Fat Monkeys, Cape MaclearFat Monkeys has a nice, reasonably priced restaurant and bar which we took advantage of the first night. The amenities are clean and the water is hot. The first really hot, fullFat Monkeys, Cape Maclear pressure shower we have had in a while. The camping area is small so I can imagine it would get pretty crowded during their peak season, but at this time of year it was perfect. They also have excellent security. Reception sells the treatment for Bilharzia at a cost of 200 Kw per tablet (you need 1 tablet per 15kg of body weight) which is significantly cheaper than it would be at home, so we bought enough to treat ourselves once we leave the infected areas.

Cape MaclearCape MaclearCape Maclear

We took a wander through the village and everyone was very friendly, waving and saying hello. The kids as usual wanted to have their photos taken so they could see themselves on the camera. The village is mainly a fishing village that also caters for the tourists with boat trips and basic accommodation. The lake is used for everything, from recreation to fishing, to bathing and laundry, yet the water is still really clear. It was a perfect spot to relax for a few days.

Cape MaclearCape MaclearCape Maclear

Senga Bay

 Posted by Elizabeth at 5:38 pm
Jun 132011

From Cape Maclear we headed off north a short way along the lake to Senga Bay. From the border all the way to Cape Maclear there was no diesel to be had anywhere and we knew we wouldn’t have enough to make it all the way north and out of Malawi. There was still no diesel at the first few places we tried on our way to Senga Bay, however at one of the police roadblocks the officer told us he thought we might find some in Salima. Sure enough, the third petrol station we tried in Salima had received a delivery just that morning, so we joined the short queue and managed to fill up, which was a bit of a relief. (We had planned though to make sure we were at a really nice place on the lake if we got stuck and just had to wait until there was diesel again – I could think of worse places to be stuck!) It must be a right pain in the neck for the locals with the constant fuel shortages. We’ve been told that they will run out of petrol one day and be out for a while, but will have diesel and then the reverse happens. Because of it, the price of diesel is a ridiculous 260 Kw ($1.70) per litre, although it is the same price everywhere.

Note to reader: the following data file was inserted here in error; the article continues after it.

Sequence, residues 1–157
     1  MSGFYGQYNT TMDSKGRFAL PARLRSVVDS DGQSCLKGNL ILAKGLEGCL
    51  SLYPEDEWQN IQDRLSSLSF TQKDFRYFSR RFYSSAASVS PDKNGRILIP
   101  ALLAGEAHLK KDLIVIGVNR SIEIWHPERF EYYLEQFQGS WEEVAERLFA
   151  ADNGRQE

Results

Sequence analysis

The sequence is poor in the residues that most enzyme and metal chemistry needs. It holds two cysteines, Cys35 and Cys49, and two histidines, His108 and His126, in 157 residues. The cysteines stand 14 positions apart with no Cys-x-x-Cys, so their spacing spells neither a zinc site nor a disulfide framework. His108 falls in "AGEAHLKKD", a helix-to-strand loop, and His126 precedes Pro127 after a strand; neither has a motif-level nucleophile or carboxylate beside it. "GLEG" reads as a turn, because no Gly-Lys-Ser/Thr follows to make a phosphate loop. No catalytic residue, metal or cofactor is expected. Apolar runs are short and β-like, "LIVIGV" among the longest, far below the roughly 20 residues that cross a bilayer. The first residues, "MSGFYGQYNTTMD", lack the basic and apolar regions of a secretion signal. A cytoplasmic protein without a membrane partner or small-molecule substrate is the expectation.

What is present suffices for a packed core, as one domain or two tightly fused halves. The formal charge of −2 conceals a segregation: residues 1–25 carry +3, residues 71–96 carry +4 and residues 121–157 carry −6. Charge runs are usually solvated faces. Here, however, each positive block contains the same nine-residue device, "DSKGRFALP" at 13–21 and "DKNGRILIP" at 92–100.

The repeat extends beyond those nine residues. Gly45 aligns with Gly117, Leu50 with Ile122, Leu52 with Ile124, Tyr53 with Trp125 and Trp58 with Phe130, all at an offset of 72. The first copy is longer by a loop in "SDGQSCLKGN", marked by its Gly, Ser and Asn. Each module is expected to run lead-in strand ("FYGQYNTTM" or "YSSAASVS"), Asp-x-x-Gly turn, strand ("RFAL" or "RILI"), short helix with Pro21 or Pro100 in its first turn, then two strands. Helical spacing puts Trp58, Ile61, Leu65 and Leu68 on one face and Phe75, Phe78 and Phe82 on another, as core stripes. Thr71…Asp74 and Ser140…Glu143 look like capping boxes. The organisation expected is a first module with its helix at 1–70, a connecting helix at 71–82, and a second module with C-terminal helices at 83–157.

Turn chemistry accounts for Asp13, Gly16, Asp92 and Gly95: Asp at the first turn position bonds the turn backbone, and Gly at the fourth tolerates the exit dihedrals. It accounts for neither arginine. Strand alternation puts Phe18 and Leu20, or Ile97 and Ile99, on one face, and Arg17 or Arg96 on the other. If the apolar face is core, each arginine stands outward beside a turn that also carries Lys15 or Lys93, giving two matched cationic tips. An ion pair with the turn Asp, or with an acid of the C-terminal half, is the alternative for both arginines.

Today our car window shopping whilst we were in the queue for fuel, consisted of some eggs, which we thought were uncooked, but turned out to be hard boiled. No problem, I had them on my sandwiches for lunch. I guess it is the African version of drive through take away.

Steps Campsite, Senga BayWe spent the night at Steps Campsite on the lake’s edge. The campsite is quite nice with heaps of sandy beach, lots of grass and really hot, clean showers. It has a large bar area and Steps Campsite, Senga Bayyou can order food from the hotel, but it was a bit too pricey for us. Unfortunately it was also really windy, and whilst the wind wasn’t cold it still made it quite unpleasant. The wind also stirs up the lake and forms waves just like on an ocean beach, and because the lake is so huge you forget it is a lake. We spent some time chatting to one of the locals, but it was an early dinner and into the tent to read to escape the wind.